Finally it's Stencil time! We can check the stencil checkbox under overrides on our render objects feature. These overrides configure interaction with the stencil buffer. For every pixel, our selected value will be compared against the stencil buffer, determining if the shader will run on this pixel or not. If the compare function is True the shader has passed the stencil test, otherwise it fails. We also specify how to modify the stencil buffer, based on if we have passed or failed the stencil test! In addition, if the stencil test does not pass then no colors will be rendered to the screen. This is similar to how the depth buffer works, but is indented for customization. For more details on how the stencil buffer works, see the ShaderLab documentation

the default stencil overrides
the default stencil overrides

To configure our stencil override, lets pick a value of 1. We could pick any value here, as long as its not 0 (the default value in the stencil buffer). Our pass should write this value to the stencil buffer when it is rendered, and then only render when this value has not already been written. To achieve this, the compare should be Not Equal, on Pass we Replace the stencil buffer with our value of 1. On Fail we Keep whatever is already in the stencil buffer. Lets leave Z-Fail as-is at Keep, in our case we do want to retain depth-ordering.

By configuring the stencil override, we can render objects in this layer to each pixel exactly once when overlapping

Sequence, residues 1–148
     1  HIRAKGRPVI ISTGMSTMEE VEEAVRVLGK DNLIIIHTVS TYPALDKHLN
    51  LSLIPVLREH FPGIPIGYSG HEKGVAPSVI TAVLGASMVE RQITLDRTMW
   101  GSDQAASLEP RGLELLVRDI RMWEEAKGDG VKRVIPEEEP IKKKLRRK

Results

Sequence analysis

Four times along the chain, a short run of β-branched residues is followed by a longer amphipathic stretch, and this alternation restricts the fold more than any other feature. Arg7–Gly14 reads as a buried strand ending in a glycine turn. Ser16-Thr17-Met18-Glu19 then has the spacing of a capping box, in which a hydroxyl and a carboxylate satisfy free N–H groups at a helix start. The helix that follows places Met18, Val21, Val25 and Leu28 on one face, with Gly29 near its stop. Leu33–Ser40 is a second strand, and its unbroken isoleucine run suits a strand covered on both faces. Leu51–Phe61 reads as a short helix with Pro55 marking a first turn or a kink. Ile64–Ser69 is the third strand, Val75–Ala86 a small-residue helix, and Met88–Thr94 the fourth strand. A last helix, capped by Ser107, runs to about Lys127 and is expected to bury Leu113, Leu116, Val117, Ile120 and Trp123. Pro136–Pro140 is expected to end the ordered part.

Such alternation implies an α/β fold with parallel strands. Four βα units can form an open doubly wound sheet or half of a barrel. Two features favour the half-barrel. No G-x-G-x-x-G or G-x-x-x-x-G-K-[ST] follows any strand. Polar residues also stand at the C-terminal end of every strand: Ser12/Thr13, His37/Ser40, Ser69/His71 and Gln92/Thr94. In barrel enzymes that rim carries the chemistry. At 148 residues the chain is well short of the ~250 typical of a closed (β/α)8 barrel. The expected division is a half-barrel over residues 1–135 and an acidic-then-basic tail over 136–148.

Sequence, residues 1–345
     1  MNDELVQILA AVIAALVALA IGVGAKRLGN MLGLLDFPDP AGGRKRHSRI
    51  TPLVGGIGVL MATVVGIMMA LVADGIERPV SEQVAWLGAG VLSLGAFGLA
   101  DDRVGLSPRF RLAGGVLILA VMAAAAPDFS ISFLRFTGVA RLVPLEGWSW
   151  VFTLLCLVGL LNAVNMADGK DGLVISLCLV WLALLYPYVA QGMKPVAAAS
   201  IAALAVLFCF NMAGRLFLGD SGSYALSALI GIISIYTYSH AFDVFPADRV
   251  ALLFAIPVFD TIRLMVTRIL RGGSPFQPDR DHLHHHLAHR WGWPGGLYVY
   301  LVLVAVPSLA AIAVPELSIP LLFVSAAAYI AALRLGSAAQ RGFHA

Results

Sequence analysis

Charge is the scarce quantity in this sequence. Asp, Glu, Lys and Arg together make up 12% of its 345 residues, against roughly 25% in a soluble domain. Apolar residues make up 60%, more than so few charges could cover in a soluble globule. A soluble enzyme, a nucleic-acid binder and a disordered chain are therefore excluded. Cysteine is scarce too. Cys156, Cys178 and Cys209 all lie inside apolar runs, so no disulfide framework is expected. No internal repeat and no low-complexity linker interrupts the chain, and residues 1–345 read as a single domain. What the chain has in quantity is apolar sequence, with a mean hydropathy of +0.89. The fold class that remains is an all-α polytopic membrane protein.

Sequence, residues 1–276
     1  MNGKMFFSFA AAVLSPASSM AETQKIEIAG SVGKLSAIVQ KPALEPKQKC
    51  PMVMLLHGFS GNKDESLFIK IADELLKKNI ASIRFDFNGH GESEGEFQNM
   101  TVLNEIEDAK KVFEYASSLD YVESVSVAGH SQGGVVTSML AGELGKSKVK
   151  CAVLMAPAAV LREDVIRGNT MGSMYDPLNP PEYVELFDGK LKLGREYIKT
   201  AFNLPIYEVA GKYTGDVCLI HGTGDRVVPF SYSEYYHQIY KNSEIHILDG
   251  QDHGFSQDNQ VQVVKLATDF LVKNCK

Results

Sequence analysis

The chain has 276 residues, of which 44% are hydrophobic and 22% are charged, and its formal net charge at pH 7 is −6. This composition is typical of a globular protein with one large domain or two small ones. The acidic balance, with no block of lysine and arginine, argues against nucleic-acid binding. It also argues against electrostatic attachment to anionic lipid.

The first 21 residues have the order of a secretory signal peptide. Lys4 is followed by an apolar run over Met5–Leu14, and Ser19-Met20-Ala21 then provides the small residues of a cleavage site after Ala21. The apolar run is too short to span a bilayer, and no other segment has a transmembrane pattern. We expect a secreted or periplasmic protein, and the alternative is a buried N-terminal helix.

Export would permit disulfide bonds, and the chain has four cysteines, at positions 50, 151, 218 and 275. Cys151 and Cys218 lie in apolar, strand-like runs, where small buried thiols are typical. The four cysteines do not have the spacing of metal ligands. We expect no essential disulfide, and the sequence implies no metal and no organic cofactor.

By configuring the stencil override, we can render objects in this layer to each pixel exactly once when overlapping

In pseudocode, this is more or less what's going on with this configuration:

if(stencil[pixelCoord] != 3){
  color[pixelCoord] = BlendMaterialIntoColor(color[pixelCoord]);
  stencil[pixelCoord] = 3;
}

And we're done! Or are we? With this configuration applied to our overlapping meshes it is true they are only rendering once to the screen. We can tell because we see no bloom effects kicking in anymore. However we still see some of the edges rendering where we want only the infill to render. This comes down to render order: by default, all meshes are ordered based on distance from the camera. We can see camera position affecting our render by moving around in our scene view:

The meshes default rendering causes them to be ordered differently based on how we look at them

This effect is interesting, but it's not what we want. Fortunately there is a way to force materials to be rendered in a different order relative to each other. By modifying the Priority on our edges material we can tell the render pipeline to render our edges after rendering the infill, so they will only render on pixels which the infill did not render onto already.

By adjusting the material property of the edge, we can cause it to render and check the stencil buffer after the infill material renders

with a priority of 1, we complete the effect!

In Game example

This is an animated example of what this technique was used for in seeb defender. The overlapping meshes are used to indicate the total range of each plant defense tower. Each plant has multiple weapons, each with their own unique range. Rendering all of these ranges on their own can quickly become very visually noisy, rendering them as if they were one range makes the net threat range of the tower much easier to parse.

The left side of this animation is what the ranges looked like before this technique, rendering the whole 3D range of every weapon. These 3D ranges would test the depth buffer, and render as a different color when they are close to another surface. This would help highlight the threat range of the towers, but also can be quite distracting when they overlap with each other significantly.

Animation comparing previous results to new improved results